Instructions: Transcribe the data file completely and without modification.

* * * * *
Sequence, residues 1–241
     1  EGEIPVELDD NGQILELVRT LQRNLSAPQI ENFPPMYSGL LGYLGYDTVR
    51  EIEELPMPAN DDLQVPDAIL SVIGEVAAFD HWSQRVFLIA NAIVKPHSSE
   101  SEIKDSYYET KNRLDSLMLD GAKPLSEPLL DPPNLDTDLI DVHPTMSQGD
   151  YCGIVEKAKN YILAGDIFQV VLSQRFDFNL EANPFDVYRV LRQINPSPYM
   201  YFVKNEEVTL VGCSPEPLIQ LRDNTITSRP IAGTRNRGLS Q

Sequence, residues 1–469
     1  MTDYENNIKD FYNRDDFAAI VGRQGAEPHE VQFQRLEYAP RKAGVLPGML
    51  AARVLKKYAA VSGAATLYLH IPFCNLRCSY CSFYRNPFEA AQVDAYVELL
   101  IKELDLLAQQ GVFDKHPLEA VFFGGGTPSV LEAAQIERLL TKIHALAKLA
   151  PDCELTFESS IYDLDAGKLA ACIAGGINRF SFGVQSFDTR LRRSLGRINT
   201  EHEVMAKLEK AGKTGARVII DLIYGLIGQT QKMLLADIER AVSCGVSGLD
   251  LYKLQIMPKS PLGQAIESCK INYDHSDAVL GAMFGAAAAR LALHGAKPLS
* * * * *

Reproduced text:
Sequence, residues 1–241
     1  EGEIPVELDD NGQILELVRT LQRNLSAPQI ENFPPMYSGL LGYLGYDTVR
    51  EIEELPMPAN DDLQVPDAIL SVIGEVAAFD HWSQRVFLIA NAIVKPHSSE
   101  SEIKDSYYET KNRLDSLMLD GAKPLSEPLL DPPNLDTDLI DVHPTMSQGD
   151  YCGIVEKAKN YILAGDIFQV VLSQRFDFNL EANPFDVYRV LRQINPSPYM
   201  YFVKNEEVTL VGCSPEPLIQ LRDNTITSRP IAGTRNRGLS Q

Sequence, residues 1–469
     1  MTDYENNIKD FYNRDDFAAI VGRQGAEPHE VQFQRLEYAP RKAGVLPGML
    51  AARVLKKYAA VSGAATLYLH IPFCNLRCSY CSFYRNPFEA AQVDAYVELL
   101  IKELDLLAQQ GVFDKHPLEA VFFGGGTPSV LEAAQIERLL TKIHALAKLA
   151  PDCELTFESS IYDLDAGKLA ACIAGGINRF SFGVQSFDTR LRRSLGRINT
   201  EHEVMAKLEK AGKTGARVII DLIYGLIGQT QKMLLADIER AVSCGVSGLD
   251  LYKLQIMPKS PLGQAIESCK INYDHSDAVL GAMFGAAAAR LALHGAKPLS